Tuesday, 30 January 2007

How not to write a "how not to" article

The Torygraph jumps on the eBay-bashing bandwagon this morning, with a scare-mongering smear dressed up as advice on staying safe on eBay. Much of the article is unsubstantiated slurs: "shill bidding is widespread" and "counterfeit goods are rife". Perhaps more importantly, some of the so-called advice they give is downright nonsensical: "If someone has no feedback, then be suspicious." Really? How many thousand feedback did you start with, Mr Lazy Hack?

The section on bogus email, while generally sensible, misses the most important and easiest test of whether an email is a spoof or not: sign into your eBay/Paypal account; if they have something they need to tell you, it will be there. Similarly with bogus web pages, the easiest way to detect them isn't actually to download the toolbar, it's to avoid clicking on potentially dodgy links in emails, and only ever to type the URL into your browser yourself.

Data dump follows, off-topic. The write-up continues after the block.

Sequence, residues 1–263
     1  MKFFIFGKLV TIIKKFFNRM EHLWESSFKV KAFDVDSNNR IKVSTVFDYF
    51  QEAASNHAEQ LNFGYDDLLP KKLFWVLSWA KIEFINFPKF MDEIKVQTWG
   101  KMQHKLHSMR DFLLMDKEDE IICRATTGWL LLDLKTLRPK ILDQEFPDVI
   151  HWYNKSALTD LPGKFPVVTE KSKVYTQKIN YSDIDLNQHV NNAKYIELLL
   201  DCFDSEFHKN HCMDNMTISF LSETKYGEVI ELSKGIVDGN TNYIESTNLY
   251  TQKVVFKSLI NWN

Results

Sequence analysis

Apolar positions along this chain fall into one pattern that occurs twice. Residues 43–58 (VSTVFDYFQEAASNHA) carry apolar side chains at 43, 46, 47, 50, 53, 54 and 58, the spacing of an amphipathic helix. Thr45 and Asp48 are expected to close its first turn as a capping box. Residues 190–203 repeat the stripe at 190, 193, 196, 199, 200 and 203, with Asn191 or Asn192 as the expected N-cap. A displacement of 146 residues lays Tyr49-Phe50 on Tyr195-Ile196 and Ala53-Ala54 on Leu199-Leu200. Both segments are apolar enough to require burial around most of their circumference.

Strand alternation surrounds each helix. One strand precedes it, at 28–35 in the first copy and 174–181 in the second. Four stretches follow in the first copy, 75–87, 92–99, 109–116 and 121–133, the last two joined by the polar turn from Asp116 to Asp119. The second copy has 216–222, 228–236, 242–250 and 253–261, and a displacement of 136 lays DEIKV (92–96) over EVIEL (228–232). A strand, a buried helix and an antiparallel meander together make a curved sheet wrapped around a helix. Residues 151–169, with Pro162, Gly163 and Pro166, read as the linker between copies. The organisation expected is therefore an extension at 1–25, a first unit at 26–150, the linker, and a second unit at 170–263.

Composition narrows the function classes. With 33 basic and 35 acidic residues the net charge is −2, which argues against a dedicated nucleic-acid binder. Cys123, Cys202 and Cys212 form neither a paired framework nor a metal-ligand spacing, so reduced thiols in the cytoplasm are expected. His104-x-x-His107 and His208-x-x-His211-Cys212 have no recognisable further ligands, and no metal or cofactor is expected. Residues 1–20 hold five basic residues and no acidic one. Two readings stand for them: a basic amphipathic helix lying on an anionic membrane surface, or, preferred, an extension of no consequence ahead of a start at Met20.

It's a shame, because in amongst the dross is some good advice - for example, my own favourite saying, "if it seems too good to be true, it probably is". User eduction is undoubtedly the way to combat fraud, counterfeiting and phishing on the internet in general, but articles like this just scare away the very people they're trying to advise.

So next time you need an article on eBay, Mr Lewis, why not ask someone who knows what they're talking about? We look forward to hearing from you ;-)



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